Well wasn’t today a shock to the system for the team! Having been lulled into a false sense of security with the previous few days coaching that almost all African children in primary schools were happy, smiley children that loved the visiting mazungoo, this morning’s session came out of the blue.
They travelled to GSBC primary school and were met by 400 kids which is not a rarity in itself but they seemed to have a penchant for stealing anything that wasn’t tied down! As soon as the team set up any sessions it quickly went to pot as half the kit disappeared before their eyes. James managed to meet his nemesis in an older child with a distinctive birthmark on his face and a keen interest in trying to propel any available tennis ball at James’ head.
Collecting themselves in the bus after the session they were shell shocked as to how badly the session had gone but vowed to bounce back…….and bounce back they did…
After a quick lunch break they headed back to the same school for the secondary level kids. A better session (still crazy with about 250 kids) and some games of cross fire and non stop cricket saw a good energy level on the dusty track.
The afternoon session was in Autonome primary school and was the total mirror of this morning with the loveliest kids you are likely to meet. And would you believe it, actually some grass to play on! Team captain Rob chatted with the headmaster who was cricket mad and Chris played a game of cross fire and started to make the smallest kid on the team the captain. Team Moshan played Team Justice, with Moshan batting first but Team Justice smashed the runs off with Justice the star of the show, sending the ball miles for a little lad. Perhaps the next Sachin?! Dan and Alex invented some new catching drills that saw the kids chanting ABC while crawling across the grass like the resident gorillas.
The evening saw the team split for the first time and Chris and James headed to the university for some proper pairs cricket with the students. Chris was brought right back down to earth after his runs at the cricket ground by being clean bowled by a girl!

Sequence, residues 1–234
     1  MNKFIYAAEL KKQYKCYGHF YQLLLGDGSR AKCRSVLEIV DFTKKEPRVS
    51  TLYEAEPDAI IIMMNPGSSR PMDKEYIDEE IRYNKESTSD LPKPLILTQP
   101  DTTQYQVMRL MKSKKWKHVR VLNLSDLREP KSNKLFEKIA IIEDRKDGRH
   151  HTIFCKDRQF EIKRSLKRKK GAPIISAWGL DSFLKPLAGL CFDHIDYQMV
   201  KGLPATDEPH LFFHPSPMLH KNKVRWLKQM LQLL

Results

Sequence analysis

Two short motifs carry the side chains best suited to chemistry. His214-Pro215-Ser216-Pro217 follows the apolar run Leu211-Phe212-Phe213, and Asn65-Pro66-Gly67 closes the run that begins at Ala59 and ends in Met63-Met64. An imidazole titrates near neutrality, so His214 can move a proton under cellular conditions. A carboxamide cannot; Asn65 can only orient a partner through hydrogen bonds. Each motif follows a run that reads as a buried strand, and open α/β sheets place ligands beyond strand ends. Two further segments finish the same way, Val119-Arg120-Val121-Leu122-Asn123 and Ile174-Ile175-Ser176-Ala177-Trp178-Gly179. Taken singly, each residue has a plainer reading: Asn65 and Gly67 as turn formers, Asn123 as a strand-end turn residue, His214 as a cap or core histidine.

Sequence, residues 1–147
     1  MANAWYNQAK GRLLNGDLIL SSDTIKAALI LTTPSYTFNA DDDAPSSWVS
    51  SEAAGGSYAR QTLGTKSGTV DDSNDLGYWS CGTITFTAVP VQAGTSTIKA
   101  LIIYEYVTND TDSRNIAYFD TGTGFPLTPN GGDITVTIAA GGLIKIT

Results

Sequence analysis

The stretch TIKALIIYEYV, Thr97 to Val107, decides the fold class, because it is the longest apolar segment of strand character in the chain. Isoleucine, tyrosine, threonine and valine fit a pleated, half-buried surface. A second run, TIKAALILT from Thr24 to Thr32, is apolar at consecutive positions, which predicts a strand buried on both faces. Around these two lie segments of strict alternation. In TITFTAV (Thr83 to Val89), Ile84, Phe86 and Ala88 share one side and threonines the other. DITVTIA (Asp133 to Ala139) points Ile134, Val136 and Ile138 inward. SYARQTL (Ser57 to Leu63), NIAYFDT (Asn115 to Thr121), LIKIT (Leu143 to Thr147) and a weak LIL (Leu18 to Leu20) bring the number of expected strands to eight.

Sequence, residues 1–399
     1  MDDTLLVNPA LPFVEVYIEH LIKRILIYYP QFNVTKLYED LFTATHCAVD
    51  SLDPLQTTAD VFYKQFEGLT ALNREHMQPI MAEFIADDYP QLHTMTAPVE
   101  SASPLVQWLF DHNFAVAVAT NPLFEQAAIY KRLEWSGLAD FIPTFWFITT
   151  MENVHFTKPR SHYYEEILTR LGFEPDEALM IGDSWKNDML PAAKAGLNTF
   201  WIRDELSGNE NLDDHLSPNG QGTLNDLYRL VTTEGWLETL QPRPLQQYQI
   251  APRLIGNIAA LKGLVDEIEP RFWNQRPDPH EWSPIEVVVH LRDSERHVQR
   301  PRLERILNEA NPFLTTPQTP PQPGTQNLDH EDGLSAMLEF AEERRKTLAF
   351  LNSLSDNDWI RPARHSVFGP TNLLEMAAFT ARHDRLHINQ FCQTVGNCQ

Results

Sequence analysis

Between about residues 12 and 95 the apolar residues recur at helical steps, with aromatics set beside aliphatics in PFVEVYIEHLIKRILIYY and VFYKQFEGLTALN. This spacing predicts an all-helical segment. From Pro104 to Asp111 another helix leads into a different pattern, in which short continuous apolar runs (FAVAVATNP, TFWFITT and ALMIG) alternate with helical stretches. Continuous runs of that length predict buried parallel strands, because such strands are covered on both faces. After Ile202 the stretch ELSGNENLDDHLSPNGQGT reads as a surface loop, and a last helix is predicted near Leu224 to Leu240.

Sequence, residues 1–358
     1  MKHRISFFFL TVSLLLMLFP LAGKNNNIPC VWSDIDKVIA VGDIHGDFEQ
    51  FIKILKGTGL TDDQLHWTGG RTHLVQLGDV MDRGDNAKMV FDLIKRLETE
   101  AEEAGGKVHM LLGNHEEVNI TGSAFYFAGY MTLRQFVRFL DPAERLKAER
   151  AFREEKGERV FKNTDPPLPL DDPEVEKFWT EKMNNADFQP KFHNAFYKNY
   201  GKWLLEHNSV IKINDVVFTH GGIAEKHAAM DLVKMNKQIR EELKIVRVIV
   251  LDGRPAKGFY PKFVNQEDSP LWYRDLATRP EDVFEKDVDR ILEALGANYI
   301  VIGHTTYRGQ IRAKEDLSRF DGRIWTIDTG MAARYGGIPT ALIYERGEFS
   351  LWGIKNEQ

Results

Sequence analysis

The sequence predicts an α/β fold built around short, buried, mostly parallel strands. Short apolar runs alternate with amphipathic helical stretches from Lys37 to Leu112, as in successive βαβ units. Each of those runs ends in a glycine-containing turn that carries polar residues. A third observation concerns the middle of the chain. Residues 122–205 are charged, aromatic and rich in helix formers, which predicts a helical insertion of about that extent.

The remainder of the team (Alex, Lewis, Dan, Andrew and Eric) travelled to Sinapi primary school (a place with the most beautiful views)
and were expecting between 40-60 kids (well that’s what Eric told the team to prepare for). After arriving the team saw a playing area that was not much wider than a cricket wicket itself and not much longer.
This was causing the team problems planning what to do in the session and then they were gazumped by around 210 kids which left them in deep trouble however they all took a group of the kids and played a variety of catching games whilst passing on their ABC messages which made the session a great success. After the session Andrew spoke to the teachers who thanked the team for coming as well as saying that the work of CWB is brilliant and asked when they would be coming back – They also said that the work of CWB helps make the children dynamic and the teachers where then handed a tennis ball each to help carry the CWB work on.
Whilst this was going on Project Leader Rob had other duties alongside one of the teams Ambassadors Mary here’s what he had to say:
I wasn’t really sure what to expect as I rode the taxi bike down the non-too even road to Kabutare TSS to deliver the scoring course we had pencilled in for that afternoon. If I’m being honest, I didn’t expect nine teachers waiting, eager to get going. I was armed only with a PowerPoint presentation (no projector of course), a blackboard and my wits, and of course CWB Ambassador Mary, who I am indebted to completely. I have to admit if she wasn’t present I would have struggled, manfully I hope, but struggled nonetheless. Given the complexity of the information and techniques to be conveyed, as well as the fact that cricket as a whole was a relatively new concept for them, Mary’s translations were essential, not to mention her own impeccable knowledge of the game.
It is hard to assess just how much of the actual content I managed to get across – perhaps the festival on Friday will give some idea – but the real victory here is that these guys took the time out of their day to attend in the first place. I have utmost admiration for all teachers and appreciate that wherever they are in the world they will be under immense pressure. They are some of, if not the, most important members of any community as they are key in shaping the members of future communities. The effects of a teacher taking that extra step outside of their remit to encourage the growth of their charges, whether it be in academia, sport, arts or personal development, cannot be underestimated and I departed from the scoring course with the impression that I had just met nine such teachers. I have no doubt they will play an integral part going forwards as CWB and the RCA continue to spread cricket and promote vital healthcare messages around this great country.
The day ended with a game of 30 vs 30 skins vs shirts football with the locals with some serious challenges going in that would not have looked out of place at Elland Road. The goals were 2 foot wide and unsurprisingly when we left the score remained 0-0. An up and down day if ever the team had one.
What an amazing day and well done to the team for your resilience!
Rob, well said about teachers (I agree completely of course!) and how wonderful that in training the teachers you are ensuring that the benefits of your visit will endure long after you’ve boarded the plane home.